92L in Eastern Atlantic a Potential Concern for the Caribbean

September 5, 2018, 1:32 PM EDT

Above: Saharan Air Layer (SAL) analysis for 11 am EDT September 5, 2018. The dry air of the SAL (orange colors) lay between 92L and Hurricane Florence. Image credit: University of Wisconsin CIMSS.

A strong tropical wave (92L) located a few hundred miles south-southwest of the Cabo Verde Islands at 2 pm EDT Wednesday was headed west to west-northwest at 10 – 15 mph, and has the potential to affect the Caribbean next week. Favoring development of the wave were warm sea surface temperatures (SSTs) near 28°C (82°F), a moist atmosphere, and moderate wind shear near 15 knots. Satellite images on Wednesday afternoon showed that the wave had a moderate amount of spin and was growing more organized, but the dry air of the Saharan Air Layer to the northwest of 92L was keeping its heavy thunderstorm activity limited.

92L
Figure 1. Invest 92L as seen at 1:20 pm EDT Wednesday, September 5, 2018. The system's heavy thunderstorms were being disrupted by dry air to the northwest. Image credit: Levi Cowan, tropicaltidbits.com.

Forecast for 92L

The 12Z Wednesday run of the SHIPS model predicted that SSTs would slowly cool and the atmosphere would grow drier along 92L’s path through Saturday, slowing development, but wind shear was predicted to fall to the light range, counteracting the cooler SSTs and drier air. SSTs will begin to warm by Sunday and wind shear is predicted to be light, and the system should have increased chances for development early next week. The 0Z and 12Z Wednesday runs of our top three models for predicting tropical cyclone development—the European, GFS and UKMET models—all predicted development within five days. In their 2 pm EDT Wednesday Tropical Weather Outlook, NHC gave the system 2-day and 5-day odds of development of 70% and 90%, respectively. The next name on the list of Atlantic storms is Helene.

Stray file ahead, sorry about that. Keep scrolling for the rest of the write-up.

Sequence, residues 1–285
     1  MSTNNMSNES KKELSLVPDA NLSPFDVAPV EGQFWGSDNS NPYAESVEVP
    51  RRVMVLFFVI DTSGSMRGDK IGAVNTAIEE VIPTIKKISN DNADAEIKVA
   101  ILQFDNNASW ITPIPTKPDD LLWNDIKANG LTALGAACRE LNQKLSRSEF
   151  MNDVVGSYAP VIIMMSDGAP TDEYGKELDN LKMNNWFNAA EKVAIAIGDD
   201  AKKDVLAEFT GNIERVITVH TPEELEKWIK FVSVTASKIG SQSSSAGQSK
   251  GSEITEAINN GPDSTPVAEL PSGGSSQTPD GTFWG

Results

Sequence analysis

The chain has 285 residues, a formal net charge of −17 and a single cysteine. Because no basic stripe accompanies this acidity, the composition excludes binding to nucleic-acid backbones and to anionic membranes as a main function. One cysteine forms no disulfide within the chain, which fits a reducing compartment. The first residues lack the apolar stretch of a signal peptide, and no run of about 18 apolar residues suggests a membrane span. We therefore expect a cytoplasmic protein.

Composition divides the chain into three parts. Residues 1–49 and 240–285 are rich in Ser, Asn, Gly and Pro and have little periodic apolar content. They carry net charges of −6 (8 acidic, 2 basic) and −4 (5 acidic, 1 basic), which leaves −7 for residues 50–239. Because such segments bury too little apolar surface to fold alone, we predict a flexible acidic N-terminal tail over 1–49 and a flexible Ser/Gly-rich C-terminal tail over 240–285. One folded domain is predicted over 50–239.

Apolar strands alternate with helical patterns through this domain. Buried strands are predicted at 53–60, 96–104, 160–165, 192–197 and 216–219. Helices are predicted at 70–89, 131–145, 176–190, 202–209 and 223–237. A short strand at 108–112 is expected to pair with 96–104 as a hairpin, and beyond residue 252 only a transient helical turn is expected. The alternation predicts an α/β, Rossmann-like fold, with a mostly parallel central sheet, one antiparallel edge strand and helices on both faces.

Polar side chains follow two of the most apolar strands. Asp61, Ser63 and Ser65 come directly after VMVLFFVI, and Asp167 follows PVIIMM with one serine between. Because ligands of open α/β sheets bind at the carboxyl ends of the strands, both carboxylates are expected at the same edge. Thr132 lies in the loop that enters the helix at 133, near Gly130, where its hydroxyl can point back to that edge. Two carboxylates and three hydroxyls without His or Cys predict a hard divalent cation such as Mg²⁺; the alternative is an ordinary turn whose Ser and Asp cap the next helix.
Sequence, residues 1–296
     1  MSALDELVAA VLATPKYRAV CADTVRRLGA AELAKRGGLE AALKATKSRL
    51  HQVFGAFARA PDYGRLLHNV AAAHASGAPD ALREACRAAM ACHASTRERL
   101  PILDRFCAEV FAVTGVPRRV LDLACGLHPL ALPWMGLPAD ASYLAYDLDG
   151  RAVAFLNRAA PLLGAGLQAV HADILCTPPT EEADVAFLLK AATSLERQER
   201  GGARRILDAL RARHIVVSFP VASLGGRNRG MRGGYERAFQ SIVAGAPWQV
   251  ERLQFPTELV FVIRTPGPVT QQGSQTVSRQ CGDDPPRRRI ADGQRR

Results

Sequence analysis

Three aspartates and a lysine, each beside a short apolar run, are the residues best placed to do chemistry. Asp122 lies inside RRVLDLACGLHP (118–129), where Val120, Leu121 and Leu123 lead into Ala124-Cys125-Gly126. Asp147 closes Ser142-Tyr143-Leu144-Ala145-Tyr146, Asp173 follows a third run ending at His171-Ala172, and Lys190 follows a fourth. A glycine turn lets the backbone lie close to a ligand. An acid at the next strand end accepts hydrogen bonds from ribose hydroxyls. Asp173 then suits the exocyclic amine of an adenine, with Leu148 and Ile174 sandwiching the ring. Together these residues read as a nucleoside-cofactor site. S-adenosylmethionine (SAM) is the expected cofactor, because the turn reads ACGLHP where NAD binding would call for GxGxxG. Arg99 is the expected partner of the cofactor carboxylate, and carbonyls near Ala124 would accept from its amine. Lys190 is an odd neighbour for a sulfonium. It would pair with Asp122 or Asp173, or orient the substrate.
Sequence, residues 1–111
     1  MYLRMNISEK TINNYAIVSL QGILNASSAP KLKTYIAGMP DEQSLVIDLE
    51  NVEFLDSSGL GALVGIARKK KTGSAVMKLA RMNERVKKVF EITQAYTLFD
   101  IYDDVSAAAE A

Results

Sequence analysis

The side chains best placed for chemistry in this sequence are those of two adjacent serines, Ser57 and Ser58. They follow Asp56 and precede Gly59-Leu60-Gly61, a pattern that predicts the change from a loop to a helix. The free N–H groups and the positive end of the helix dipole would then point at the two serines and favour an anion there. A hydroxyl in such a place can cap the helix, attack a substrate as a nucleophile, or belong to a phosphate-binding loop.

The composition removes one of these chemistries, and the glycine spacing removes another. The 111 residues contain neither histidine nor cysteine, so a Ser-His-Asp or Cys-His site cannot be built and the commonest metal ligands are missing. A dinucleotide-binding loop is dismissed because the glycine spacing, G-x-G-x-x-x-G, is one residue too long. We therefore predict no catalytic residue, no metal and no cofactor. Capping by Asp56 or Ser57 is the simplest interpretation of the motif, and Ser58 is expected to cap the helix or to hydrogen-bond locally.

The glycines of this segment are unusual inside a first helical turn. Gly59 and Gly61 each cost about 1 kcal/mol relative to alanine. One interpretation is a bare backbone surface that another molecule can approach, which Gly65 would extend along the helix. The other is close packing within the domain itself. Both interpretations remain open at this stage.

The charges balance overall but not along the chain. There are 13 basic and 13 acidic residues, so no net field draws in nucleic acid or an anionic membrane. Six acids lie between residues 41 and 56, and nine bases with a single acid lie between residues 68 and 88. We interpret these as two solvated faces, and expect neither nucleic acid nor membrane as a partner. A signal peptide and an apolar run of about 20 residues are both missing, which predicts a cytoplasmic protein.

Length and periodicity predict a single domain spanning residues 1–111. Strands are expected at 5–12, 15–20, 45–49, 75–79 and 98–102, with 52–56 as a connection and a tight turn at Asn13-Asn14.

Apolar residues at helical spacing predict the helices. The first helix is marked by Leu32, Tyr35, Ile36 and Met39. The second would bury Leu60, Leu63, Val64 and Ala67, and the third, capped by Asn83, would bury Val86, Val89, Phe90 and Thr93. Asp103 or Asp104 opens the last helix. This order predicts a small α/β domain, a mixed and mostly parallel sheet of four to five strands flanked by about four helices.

92L forecast
Figure 2. Predicted tracks for 92L from the 50 members of the 0Z Wednesday run of the European ensemble forecast (left) and the 20 members of the 0Z Wednesday GFS ensemble forecast (right). About 25% of the lower-resolution European model ensemble forecasts (grey lines) along with the high-resolution operational forecast (red line) predicted that 92L would eventually enter the Caribbean, along with 18% of the lower-resolution GFS ensemble members. Image credit: CFAN.

Steering currents favor a slow west to west-northwesterly track at 5 - 10 mph over the next week, and 92L could arrive in the Lesser Antilles Islands as early as Thursday, September 13, as predicted by the 0Z and 12Z Wednesday operational runs of the GFS and European models. However, a threat to the Caribbean is by no means a sure thing, as the large majority of the 70 ensemble members of the European and GFS models show 92L embarking on more of a northwesterly track by early next week, missing the Caribbean islands (Figure 2). The evolution of Hurricane Florence may end up playing a role in the steering flow that will end up dictating where 92L goes.

93L coming this weekend?

Another tropical wave that is predicted to emerge from the coast of Africa on Friday has had intermittent support for development from the European and GFS models; the latest 12Z Wednesday GFS and UKMET models did not develop the system, though the 12Z European model run did. This wave is expected to follow 92L’s slow west to west-northwesterly path, passing a few hundred miles south of the Cabo Verde Islands on Sunday. In their 2 pm EDT Wednesday Tropical Weather Outlook, NHC gave the system 2-day and 5-day odds of development of 0% and 30%, respectively. The next name on the list of Atlantic storms after Helene is Isaac.

For information on Hurricane Florence, see our 11:30 am Wednesday post. Still to come today: Hawaii needs to pay attention to Hurricane Olivia.

The Weather Company’s primary journalistic mission is to report on breaking weather news, the environment and the importance of science to our lives. This story does not necessarily represent the position of our parent company, IBM.

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Dr. Jeff Masters

Dr. Jeff Masters co-founded Weather Underground in 1995, and flew with the NOAA Hurricane Hunters from 1986-1990.

jeff.masters@weather.com

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